Price resignation adds leadership uncertainty at HHS
Tom Price’s resignation Friday as Health and Human Services Secretary, after just seven months in the position, leave HHS in a leadership void as it faces several ongoing challenges.
Ascending to fill his role in the interim is Don Wright, MD, of Virginia, who Trump has named to serve as acting secretary this past February. He currently serves as deputy assistant secretary for health in HHS.
Until now, Wright has been responsible for leading development of HHS-wide public health policy recommendations, overseeing 12 core public health offices, including the Office of the Surgeon General, and 11 advisory committees. He is also the Deputy Assistant Secretary for Health and Director of the Office of Disease Prevention and Health Promotion, a role he’s filled since 2012.
As head of HHS, among Wright’s new responsibilities is the Office of the National Coordinator for Health Information Technology (ONC), which oversees health IT policy and direction. ONC is expected to face new challenges in the coming year, as it deals with a reduced budget, new responsibilities for overseeing direct responsibility for certifying electronic health record software and the transition of the Meaningful Use program for physicians into the Merit-based Incentive Payment System (MIPS) for physicians treating Medicare beneficiaries.
The challenges of overseeing ONC will be dwarfed by the responsibility he’ll have as the transitional leader of HHS. The agency controls nearly $1.15 trillion in expenditures for Fiscal Year 2017, 86 percent of which goes to fund both Medicare and Medicaid; the agency is staffed by about 80,000 employees.
Price joined Congress in 2005 and was one of the original members of the Tea Party, which promotes small government. While his nomination to head HHS was backed by the American Medical Association, that group and almost every other healthcare trade organization issued strong statements opposing the administration’s Obamacare-repeal attempts.
Price was a vocal proponent of efforts to roll back the Affordable Care Act, carrying over the opposition that he offered as a U.S. Representative from Georgia. He was respected by colleagues, but in the highly partisan debate on bills in Congress, his impact on securing support for repeal legislation is difficult to discern.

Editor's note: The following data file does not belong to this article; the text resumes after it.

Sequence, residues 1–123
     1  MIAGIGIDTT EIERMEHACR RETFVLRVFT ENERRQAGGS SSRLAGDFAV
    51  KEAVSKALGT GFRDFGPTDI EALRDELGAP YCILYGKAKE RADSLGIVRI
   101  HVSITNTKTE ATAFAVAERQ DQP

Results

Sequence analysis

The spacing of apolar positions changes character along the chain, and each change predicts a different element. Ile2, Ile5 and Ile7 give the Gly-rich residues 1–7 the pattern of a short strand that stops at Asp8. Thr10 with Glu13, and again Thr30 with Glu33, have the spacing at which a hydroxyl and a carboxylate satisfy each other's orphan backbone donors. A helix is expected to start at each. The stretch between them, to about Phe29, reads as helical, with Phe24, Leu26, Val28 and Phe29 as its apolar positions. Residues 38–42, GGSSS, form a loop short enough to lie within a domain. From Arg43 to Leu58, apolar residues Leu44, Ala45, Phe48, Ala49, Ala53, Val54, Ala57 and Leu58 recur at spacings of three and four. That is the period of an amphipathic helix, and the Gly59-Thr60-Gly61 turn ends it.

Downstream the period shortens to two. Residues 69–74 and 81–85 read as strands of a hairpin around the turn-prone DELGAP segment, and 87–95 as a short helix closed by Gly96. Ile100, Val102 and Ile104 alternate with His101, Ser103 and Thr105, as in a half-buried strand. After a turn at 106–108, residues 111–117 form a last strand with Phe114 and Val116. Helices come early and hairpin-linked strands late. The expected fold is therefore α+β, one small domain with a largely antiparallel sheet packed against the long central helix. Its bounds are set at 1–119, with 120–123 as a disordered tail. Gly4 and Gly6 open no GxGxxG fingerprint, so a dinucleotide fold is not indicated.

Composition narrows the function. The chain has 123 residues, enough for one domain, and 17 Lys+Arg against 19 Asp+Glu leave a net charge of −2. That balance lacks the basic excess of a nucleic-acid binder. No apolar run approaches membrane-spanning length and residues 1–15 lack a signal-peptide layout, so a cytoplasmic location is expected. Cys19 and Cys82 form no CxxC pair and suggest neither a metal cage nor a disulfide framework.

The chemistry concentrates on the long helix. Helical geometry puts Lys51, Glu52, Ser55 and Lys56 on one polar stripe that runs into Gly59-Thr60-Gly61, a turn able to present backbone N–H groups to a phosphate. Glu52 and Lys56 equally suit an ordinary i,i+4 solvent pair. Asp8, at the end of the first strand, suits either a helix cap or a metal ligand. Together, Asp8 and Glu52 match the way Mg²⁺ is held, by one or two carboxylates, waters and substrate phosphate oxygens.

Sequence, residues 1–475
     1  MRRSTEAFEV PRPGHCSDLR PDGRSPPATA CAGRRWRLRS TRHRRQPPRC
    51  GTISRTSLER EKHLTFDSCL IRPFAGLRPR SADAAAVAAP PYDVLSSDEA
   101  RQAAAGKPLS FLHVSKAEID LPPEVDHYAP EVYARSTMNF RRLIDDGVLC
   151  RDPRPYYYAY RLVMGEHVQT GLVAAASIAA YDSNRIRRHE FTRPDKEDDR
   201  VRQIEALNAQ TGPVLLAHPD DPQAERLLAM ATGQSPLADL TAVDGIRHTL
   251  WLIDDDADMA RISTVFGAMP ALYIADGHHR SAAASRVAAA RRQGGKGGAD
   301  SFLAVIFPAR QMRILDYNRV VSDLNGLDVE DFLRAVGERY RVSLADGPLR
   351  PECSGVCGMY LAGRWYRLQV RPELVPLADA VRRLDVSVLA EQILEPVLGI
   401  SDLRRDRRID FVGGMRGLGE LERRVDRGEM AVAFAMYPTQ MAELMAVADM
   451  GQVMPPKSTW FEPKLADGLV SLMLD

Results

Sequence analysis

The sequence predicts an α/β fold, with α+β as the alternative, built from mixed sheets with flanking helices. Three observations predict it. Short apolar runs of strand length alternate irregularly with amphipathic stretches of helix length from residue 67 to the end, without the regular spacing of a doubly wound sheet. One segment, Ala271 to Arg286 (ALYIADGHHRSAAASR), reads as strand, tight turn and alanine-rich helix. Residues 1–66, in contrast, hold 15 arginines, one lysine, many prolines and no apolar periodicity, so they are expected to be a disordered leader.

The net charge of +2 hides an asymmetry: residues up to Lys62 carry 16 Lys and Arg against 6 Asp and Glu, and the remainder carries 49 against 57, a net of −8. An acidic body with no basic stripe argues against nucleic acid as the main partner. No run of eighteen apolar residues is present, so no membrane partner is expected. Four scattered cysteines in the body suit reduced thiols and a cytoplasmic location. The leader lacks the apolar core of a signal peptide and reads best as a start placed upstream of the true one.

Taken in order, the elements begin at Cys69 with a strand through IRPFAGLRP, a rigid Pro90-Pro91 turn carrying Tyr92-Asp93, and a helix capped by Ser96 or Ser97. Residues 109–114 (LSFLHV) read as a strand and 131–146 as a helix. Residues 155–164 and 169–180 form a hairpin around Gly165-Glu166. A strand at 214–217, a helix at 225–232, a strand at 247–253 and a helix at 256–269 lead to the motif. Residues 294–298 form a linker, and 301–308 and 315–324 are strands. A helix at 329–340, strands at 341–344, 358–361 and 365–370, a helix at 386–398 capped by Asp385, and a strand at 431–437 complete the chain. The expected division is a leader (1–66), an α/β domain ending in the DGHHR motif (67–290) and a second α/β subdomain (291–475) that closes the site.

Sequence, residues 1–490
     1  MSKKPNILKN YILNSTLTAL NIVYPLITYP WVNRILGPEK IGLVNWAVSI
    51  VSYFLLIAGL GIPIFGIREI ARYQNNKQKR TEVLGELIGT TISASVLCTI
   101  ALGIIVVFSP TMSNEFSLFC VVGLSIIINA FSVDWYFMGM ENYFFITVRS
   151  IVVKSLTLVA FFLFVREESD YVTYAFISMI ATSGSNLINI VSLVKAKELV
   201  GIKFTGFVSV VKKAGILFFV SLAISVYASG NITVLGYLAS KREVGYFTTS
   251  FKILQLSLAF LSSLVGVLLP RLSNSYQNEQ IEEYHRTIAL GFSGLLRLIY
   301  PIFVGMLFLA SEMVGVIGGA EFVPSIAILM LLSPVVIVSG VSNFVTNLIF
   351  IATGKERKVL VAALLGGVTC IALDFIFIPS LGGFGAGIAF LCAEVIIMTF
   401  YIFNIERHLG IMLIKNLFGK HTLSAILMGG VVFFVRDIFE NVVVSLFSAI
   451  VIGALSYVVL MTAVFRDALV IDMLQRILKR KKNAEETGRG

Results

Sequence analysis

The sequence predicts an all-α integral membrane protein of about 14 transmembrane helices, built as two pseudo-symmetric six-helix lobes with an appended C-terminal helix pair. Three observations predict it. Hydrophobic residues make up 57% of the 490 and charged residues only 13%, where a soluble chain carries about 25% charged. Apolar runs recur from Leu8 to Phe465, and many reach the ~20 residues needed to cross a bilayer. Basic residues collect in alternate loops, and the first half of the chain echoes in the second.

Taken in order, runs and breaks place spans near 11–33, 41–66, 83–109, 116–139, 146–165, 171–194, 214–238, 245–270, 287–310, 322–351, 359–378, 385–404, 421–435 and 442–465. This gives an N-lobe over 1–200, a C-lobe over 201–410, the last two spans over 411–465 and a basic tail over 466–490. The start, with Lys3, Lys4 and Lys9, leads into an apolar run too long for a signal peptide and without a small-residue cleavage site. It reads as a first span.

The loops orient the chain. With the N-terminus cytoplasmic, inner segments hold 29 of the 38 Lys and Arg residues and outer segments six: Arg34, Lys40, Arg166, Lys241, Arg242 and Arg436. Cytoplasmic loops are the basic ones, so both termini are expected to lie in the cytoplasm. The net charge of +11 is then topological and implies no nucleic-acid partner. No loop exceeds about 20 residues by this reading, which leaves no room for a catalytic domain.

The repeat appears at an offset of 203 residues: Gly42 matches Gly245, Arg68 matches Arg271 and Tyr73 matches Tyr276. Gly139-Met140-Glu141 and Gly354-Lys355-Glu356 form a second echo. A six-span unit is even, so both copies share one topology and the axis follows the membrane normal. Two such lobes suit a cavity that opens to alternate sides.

Price, as a physician in Congress and as HHS head, was sympathetic to front-line provider concerns. He was supportive of information technology, but spoke out against documentation requirements for physicians, and particularly how electronic health records have introduced additional work for doctors and impeded relationships with patients.
Under Price’s leadership, HHS has continued research efforts at the Center for Medicare & Medicaid Innovation, which is tasked with finding new approaches such as value-based care and other reimbursement initiatives. Emerging CMMI pilot programs will eventually affect providers. Some programs—in particular, mandatory bundled payment initiatives for cardiac care and joint replacement—might be scaled back under a proposed rule issued in September by the Centers for Medicare and Medicaid Services.
Price’s resignation strengthens the hand of Seema Verma, who leads CMS and is responsible for running that agency and enacting much of the Affordable Care Act. Another is potential candidate for the lead position at HHS is Scott Gottlieb, the Food and Drug Administration commissioner, who has instituted several drug price programs and is updating FDA practices.
Verma is well known by the administration. She worked with Vice President Mike Pence to implement the Healthy Indiana Plan while he was governor and has been highly visible in supporting efforts to repeal Obamacare.
Less well known is Don Wright of Virginia, who Trump has named to serve as acting secretary. He currently serves as deputy assistant secretary for health in HHS.
The swift turn of fortunes for Price stunned several of his former colleagues. He resigned after revelations began to emerge about his use of private and military planes for travel in the U.S. and oversees. Some estimates put the total cost of his travel at more than $1 million.
Price, a staunch fiscal conservative, railed against waste of federal monies, strongly opposing Democratic efforts to purchase jets for federal use in 2009 and 2010.
“I understand and respect Tom Price’s decision, but the news is disappointing,” said Sen. Lamar Alexander, a fellow Republican from Tennessee. “He has had a distinguished career as a physician and public health advocate, and I hope I have the opportunity to work with him again.”